Lawmakers and policy makers across our country, in yet another attempt to divide Americans along partisan and racial lines, are pushing legislation that seeks to stifle discussions in public schools that celebrate our country’s greatest triumphs and examine our darkest moments, attempting to restrict students’ freedom to learn from the past and make a better future. These legislators are working hard to censor classroom discussions on topics like race, racism, sex, sexism or inequity.
But despite the rhetoric around them, these proposed or enacted laws do not prohibit teaching the full sweep of U.S. history, including teaching about nearly 250 years of chattel slavery, the Civil War, the Reconstruction period, or the violent white supremacy that brought Reconstruction to an end and has persisted in one or another form ever since. Nor should these laws and policies undermine efforts to ensure that all students, including historically marginalized students, feel seen in the classroom and benefit from culturally responsive and racially inclusive curricula and pedagogical tools that teach the truth about our country and prepare students to meet the demands of a changing and increasingly globalized world.
In Virginia, these censorship efforts have resulted in Gov. Youngkin signing an executive order instructing the Superintendent of Public Instruction to review various state resources and remove any endorsement or promotion of certain divisive concepts. The following answers some FAQ’s about the executive order. If you or a colleague feel your ability to teach the truth is stifled by how your district is interpreting or enforcing the order, you can take action. Remember that you are most protected when you speak out outside of work, at a school board meeting, in your church, or other local community group. If you are a member of a union, reach out to your local representative for assistance. You can find additional help at the resources linked below.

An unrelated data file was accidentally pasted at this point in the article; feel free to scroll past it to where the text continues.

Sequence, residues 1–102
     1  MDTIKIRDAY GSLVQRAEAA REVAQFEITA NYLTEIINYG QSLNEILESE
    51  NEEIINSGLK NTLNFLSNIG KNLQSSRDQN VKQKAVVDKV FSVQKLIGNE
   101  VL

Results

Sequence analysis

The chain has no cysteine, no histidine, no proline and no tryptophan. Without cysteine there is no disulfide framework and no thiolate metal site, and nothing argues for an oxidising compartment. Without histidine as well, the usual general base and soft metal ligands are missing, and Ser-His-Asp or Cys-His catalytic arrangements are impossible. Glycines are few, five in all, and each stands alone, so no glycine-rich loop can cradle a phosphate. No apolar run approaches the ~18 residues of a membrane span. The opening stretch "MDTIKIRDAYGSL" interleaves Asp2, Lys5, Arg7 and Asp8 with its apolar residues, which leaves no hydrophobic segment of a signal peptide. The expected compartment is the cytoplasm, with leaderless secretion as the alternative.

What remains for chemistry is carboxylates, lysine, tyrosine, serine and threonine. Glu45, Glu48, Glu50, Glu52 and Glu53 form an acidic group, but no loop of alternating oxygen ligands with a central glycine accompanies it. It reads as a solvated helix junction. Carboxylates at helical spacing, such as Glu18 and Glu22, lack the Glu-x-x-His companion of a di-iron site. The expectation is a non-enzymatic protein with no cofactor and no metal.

These dangerous attempts to stoke fears and rewrite history not only diminish the injustices experienced by generations of Americans, they prevent educators from challenging our students to achieve a more equitable future.
Becky Pringle, President, National Education Association
Teach Truth Q&A
What is Executive Order 1 and what does it do?
On Jan. 15, 2022, Gov. Youngkin’s first day in office, he signed Executive Order 1, “Ending the use of inherently divisive concepts, including critical race theory, and restoring excellence in K-12 public education in the Commonwealth.” The order is here and went into effect immediately.
The order directs the Superintendent of Public Instruction to review various parts of Virginia’s curriculum and education programs and revise, rescind, or end any parts that promote any of the following concepts:
- “members of one race, ethnicity, sex or faith cannot and should not attempt to treat others as individuals without respect to race, sex or faith” (their “protected characteristics”); and
- “one race, skin color, ethnicity, sex, or faith is inherently superior to another race, skin color, ethnicity, sex, or faith;” and
- an individual,
- by virtue of their protected characteristics, “is racist, sexist, or oppressive, whether consciously or subconsciously;” or
- by virtue of their protected characteristics, bears responsibility for actions committed in the past by other members of the same race, ethnicity, sex or faith; or